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Iris on Books

Iris is a PhD student and book blogger who's favourite pastime is curling up under a blanket with a cup of tea and a good book.

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Me and Earl and the Dying Girl

Me and Earl and the Dying Girl - Jesse Andrews [based on a review copy from Netgalley]
Review originally posted here: http://irisonbooks.com/2012/04/06/me-and-earl-and-the-dying-girl-by-jesse-andrews/

Honestly, it was the cover that made me request this book from Netgalley. It looks fun and quirky with its self-made cardboard cut-out look. And that fits the story of Me and Earl and the Dying Girl rather well. In it, Greg and Earl make movies together, that are often mock-versions of movies that they enjoyed. They keep these movies a secret, because they believe they are not any good, and they want to maintain social invisibility. Rachel, a girl suffering from Leukemia, is the only one who finds out about the movies, in an attempt to cheer her up. When Rachel stops treatment, Greg and Earl decide that they should make a movie especially for Rachel.

Me and Earl and the Dying Girl is a very different take on the teenager-suffering-from-cancer story. It sets out to be unlike those stories of tragedy, hope, and life lessons. As Greg, the narrator, tells us:

“My point is this: This book contains precisely zero Important Life Lessons, or Little-Known Facts About Love, or sappy tear-jerking Moments When We Knew We Had Left Our Childhood Behind For Good or whatever. And, unlike most books in which a girl gets cancer, there are definitely no sugary paradoxical single-sentence-paragraphs that you’re supposed to think are deep because they’re in italics.”

The story means to be funny, irreverent, at times. There is a lot of self-deprecation of Greg, and Earl, of the reader, and of the story Greg is relating throughout the book. There is a bit of the stream of consciousness feel to the book, because Greg hardly seems to censor his words. Greg is telling us his story, as if he’s in conversation with the reader instead of writing a book. This leads to quip funny scenario’s, such as the first line of the book that sets the tone for the rest of the book:

“So in order to understand everything that happened, you need to start from the premise that high school sucks.”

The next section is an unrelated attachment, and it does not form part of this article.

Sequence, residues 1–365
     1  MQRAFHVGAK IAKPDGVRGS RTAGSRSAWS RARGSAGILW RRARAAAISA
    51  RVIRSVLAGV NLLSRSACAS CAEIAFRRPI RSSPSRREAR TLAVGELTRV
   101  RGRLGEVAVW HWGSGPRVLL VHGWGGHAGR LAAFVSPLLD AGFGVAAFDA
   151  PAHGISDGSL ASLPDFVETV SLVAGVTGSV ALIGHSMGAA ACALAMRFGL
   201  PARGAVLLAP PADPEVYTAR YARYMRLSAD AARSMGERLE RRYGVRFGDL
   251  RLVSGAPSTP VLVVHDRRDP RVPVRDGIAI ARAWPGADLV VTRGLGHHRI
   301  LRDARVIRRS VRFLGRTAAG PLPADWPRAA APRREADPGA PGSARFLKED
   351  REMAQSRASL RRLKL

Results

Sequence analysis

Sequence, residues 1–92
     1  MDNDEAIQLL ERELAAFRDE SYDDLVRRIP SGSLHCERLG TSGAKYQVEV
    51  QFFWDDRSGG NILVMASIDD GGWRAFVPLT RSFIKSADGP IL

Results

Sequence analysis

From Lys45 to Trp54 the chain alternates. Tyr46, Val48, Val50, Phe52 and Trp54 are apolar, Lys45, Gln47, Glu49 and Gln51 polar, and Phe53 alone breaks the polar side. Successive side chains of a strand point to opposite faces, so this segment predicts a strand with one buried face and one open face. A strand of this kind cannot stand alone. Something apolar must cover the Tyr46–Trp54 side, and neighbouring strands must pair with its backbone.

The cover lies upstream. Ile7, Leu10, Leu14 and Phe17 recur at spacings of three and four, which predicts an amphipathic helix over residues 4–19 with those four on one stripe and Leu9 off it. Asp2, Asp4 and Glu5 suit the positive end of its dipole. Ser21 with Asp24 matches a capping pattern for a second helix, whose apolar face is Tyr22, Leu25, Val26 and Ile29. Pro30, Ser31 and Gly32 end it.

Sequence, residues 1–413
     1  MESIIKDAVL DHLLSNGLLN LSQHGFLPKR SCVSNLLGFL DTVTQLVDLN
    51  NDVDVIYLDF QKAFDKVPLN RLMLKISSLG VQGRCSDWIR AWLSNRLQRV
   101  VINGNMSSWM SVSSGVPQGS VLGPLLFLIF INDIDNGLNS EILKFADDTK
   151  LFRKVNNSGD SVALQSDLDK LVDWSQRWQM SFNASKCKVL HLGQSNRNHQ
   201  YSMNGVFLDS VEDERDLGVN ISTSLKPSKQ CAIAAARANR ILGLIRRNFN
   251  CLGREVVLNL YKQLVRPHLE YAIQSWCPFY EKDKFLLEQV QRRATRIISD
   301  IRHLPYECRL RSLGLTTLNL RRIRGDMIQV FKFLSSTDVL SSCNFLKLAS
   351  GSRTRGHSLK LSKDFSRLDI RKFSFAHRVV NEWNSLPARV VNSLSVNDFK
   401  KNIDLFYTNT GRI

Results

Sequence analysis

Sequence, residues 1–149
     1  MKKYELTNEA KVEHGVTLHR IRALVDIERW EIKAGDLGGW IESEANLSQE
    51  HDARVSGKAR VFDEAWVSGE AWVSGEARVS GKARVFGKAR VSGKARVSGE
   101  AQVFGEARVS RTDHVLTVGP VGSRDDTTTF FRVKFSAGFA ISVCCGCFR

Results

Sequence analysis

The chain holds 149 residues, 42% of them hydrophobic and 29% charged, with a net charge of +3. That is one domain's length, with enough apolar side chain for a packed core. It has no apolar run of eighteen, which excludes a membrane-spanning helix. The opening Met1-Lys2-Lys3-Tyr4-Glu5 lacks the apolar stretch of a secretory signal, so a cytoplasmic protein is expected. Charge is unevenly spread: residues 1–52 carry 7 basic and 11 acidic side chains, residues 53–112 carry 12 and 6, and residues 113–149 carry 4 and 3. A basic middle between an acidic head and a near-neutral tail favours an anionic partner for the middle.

Added to this is a form of metadiscussion on stories, stories for teenagers, appropriate word use, the right build-up to stories (that Greg clearly, at least he thinks so himself, does not follow). And so, you can often find Greg telling you that you are stupid for still reading his story at all:

“And that’s part of the backstory for me and Earl. It’ll probably be relevant later, although who really knows. I can’t believe you’re still reading this. You should smack yourself in the face a couple of times right now, just to complete the outstandingly stupid experience that is this book.”

Clearly, Earl and Me and the Dying Girl is meant to be funny. But the thing is, for me it did not always succeed. Now, I have to tell you that I am pretty sure Greg and I do not share the same sort of humour. It is often a little crass, a little too dry, and has lots of words like “boobs” in it that are meant to be funny. Especially the crass words bothered me a lot. I can see how they might be funny to some, but at times, there was a lot of boobs, and shit, and ass, and whatever thrown around for no reason, repeatedly. Sometimes the story revolved around those words for pages at a time.. I should also add that I know that many other reviewers found themselves laughing out loud repeatedly while reading the story. Not me, though. I mostly found myself getting tired of it fast, and couldn’t read Me and Earl and the Dying Girl for long periods at a time.

Then there is the other thing: For at least half of the story little to nothing happens. There are lists of Greg’s social rules, there are plot summaries of movies, there are Earl and Greg joking with each other, but you don’t really know what is going to happen, at least not beside the fact that you know from the very first that a girl called Rachel is probably going to die. In the second half, some things do happen, but in the midst of it all, Greg undergoes little-to-no character development. It is not as if the reader had not been warned about this, and continues to be warned about it throughout the book, but at times it made me wonder if stories are not written with character development and moments of revelation for a reason. Perhaps this is the very thing the book sets out to do. In a way, I think it is. To some extent, I think it succeeds very well in being the anti-story, probably meant to be read in small chunks at a time. I just cannot say I enjoyed all of it.

What I did appreciate were Greg’s observations on life in high school, and the strange acrobatics he puts himself through to be liked by everyone, but not befriend anyone to avoid becoming part of a clique is refreshing because it portrays how stifling high school can be to some.

Me and Earl and the Dying Girl is a book for those who enjoy anti-stories about anti-heroes featuring dry humour and a self-deprecating narrator. However, personally, I think there was a little too much of all that to enjoy it. I think my advice would be to read the first few pages and see if you enjoy the tone, because it does not change much over the course of the book.